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Now Hear This: Vast Caldera 1 - Vast Caldera


Rating: ****1/2

The word ‘cinematic,’ when applied to music, is overused, and for most critics, it usually means “there’s a lot going on here, it won’t fit in one of my boxes, and I think that’s a synthesizer.” But some music is truly soundtrack-worthy, with changes in tone and atmosphere that can only be described as ‘cinematic.’


Solo artist Justin Weiss (under the name ‘Vast Caldera’) has met this challenge with his new project, a five-song EP that, in just over sixteen minutes, underscores a rich landscape.


Watch video for "Dawn" on YouTube below:


One time, baked out of my mind on mushrooms, I watched the James Caan movie, ‘Thief,’ but actually, I spent most of that time ‘watching’ the score by synth legends Tangerine Dream. The ‘Vast Caldera’ EP feels like that experience, except I don’t have to open my eyes.


What makes it work is the layers. Now layering can be really effective, but when it doesn’t work, you’ve got an unsatisfying mish-mosh of textures, like ordering a ‘B-52’ from a bartender who doesn’t know how to do the spoon thing, so you just end up with a boring brown shot and you’re out twelve bucks. Vast Caldera is all about layers, and it works.


It’s a simple approach, and the simplicity adds to the beauty. Just like in a movie, where you don’t want the screen cluttered with unnecessary visual tricks, most of these five tracks consist of interesting guitar riffs placed on top of pulsating synthesizer—nothing extraneous, allowing the melodic guitar leads to breathe and move the album ‘story’ along.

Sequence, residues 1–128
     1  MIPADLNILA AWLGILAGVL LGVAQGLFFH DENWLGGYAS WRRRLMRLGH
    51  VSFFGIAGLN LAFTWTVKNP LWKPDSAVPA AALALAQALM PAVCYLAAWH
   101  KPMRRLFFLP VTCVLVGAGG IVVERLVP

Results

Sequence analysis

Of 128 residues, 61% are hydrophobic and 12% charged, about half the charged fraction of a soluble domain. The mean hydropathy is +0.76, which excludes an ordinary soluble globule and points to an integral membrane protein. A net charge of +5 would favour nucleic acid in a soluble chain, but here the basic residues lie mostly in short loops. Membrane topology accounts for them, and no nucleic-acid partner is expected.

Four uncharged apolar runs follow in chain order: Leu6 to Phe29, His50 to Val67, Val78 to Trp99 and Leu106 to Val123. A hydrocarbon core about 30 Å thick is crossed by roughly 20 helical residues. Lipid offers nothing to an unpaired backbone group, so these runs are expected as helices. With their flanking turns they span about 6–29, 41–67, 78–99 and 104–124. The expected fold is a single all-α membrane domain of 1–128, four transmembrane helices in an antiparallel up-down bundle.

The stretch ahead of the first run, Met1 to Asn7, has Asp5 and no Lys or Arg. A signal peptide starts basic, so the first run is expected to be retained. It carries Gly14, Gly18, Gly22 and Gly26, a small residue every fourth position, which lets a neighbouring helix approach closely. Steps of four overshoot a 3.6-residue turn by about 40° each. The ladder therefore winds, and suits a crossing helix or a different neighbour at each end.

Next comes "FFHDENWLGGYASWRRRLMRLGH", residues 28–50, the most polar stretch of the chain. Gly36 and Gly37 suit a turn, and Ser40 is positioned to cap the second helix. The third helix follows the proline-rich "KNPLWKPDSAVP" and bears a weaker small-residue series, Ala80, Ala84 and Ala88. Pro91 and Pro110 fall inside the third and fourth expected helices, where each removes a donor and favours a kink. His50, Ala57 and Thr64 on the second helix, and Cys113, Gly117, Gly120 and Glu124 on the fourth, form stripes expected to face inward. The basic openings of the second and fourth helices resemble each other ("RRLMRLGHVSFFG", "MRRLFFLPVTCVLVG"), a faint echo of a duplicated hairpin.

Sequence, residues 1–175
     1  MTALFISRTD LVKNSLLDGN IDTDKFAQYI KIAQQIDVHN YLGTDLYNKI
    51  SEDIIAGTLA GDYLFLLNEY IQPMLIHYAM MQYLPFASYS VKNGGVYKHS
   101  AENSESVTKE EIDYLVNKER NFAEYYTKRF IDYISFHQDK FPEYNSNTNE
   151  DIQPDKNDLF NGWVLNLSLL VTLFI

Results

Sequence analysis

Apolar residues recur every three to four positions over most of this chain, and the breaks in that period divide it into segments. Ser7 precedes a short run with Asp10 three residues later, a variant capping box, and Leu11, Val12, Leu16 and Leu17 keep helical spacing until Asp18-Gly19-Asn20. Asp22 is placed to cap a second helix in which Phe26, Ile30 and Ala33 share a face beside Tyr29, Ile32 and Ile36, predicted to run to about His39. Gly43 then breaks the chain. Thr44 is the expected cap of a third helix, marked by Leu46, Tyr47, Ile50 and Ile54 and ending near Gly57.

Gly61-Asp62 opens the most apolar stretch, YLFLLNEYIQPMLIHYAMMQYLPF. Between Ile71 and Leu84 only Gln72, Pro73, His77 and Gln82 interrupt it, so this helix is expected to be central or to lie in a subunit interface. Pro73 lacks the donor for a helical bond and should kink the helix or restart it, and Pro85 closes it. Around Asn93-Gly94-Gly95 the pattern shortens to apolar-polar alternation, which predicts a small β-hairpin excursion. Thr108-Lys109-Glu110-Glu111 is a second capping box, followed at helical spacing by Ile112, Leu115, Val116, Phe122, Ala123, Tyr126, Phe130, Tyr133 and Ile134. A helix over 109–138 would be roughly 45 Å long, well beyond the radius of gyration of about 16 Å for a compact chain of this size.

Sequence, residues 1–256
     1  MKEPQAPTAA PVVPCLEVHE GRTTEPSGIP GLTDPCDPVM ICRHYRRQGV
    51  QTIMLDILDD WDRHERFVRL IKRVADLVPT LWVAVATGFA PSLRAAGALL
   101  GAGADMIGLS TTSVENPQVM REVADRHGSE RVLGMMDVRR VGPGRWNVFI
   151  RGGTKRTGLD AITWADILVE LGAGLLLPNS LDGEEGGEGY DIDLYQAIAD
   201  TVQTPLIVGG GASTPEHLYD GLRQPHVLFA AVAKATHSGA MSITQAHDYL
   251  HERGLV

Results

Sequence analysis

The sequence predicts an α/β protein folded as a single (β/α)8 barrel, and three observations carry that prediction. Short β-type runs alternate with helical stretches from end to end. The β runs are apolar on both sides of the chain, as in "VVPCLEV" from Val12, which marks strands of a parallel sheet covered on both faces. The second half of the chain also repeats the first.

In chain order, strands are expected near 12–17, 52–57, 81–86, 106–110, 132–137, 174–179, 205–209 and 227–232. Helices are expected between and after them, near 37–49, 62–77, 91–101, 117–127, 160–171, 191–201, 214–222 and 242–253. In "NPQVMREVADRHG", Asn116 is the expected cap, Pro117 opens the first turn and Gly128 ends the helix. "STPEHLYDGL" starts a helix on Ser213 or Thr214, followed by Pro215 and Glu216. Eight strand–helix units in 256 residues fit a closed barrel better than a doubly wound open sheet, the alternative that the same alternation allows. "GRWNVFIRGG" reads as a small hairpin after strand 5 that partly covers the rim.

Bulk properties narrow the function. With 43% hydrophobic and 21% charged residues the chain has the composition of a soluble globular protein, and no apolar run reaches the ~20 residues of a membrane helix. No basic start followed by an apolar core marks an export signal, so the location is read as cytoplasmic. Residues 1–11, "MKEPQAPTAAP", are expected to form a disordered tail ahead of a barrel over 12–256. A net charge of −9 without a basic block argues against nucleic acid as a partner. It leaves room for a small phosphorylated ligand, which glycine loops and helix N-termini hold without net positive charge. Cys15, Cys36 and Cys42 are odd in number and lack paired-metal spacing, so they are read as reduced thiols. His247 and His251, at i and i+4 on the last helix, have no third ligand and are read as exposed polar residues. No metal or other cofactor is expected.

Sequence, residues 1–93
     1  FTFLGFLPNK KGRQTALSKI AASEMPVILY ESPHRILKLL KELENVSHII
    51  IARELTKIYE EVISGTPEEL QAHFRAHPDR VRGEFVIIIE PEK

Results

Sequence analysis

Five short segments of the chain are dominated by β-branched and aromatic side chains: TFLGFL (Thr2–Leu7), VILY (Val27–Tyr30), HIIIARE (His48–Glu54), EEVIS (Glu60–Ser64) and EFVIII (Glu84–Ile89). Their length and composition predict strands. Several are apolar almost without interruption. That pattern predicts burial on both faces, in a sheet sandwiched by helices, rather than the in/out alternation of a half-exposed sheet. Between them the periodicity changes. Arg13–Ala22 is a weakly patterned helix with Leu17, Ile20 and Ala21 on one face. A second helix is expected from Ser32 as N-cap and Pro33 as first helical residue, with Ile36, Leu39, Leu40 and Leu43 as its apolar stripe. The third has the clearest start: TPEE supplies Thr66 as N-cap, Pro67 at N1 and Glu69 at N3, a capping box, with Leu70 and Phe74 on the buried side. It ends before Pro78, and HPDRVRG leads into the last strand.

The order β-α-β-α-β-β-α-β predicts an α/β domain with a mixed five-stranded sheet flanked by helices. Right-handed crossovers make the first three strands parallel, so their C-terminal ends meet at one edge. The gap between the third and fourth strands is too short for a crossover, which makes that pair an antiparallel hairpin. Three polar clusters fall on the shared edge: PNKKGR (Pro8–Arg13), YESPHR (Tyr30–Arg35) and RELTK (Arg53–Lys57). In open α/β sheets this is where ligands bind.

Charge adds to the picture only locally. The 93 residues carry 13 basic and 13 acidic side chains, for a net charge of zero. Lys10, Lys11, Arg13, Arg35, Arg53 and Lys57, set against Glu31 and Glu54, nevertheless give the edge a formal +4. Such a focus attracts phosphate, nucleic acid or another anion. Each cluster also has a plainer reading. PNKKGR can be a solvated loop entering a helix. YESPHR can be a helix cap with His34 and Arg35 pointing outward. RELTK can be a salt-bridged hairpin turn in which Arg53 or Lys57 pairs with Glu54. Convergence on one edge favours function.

This precise approach, and understanding of the language of storytelling, is especially evident in the two cuts that begin with what sound like an acoustic piano—album opener, ‘Romance,’ and the ironically titled closing track, ‘Dawn.’


On both of these, the opening keyboard chords are quickly pushed aside by the meatier guitar sounds. But even the brief piano moments move the music forward—not everyone realizes that the piano is technically a ‘percussion’ instrument (it’s got hammers inside, after all).


And for Vast Caldera, even the brief piano appearances signal something that’s driving and urgent. It’s not just sleepy, mushy, ‘New Age’ piano noodling.


All five tracks contribute to the story, but I particularly dig the bass-propelled third cut, ‘Glory,’ with its sneaky nod to disco strings, and its suddenly surging groove.


One more note about that last track, “Dawn.” If you have watched enough indie films (Sundance subscribers represent!), this cut feels exactly like what you would hear over the head-scratching final scene. Cue end credits. This is definitely an album you can watch with your ears.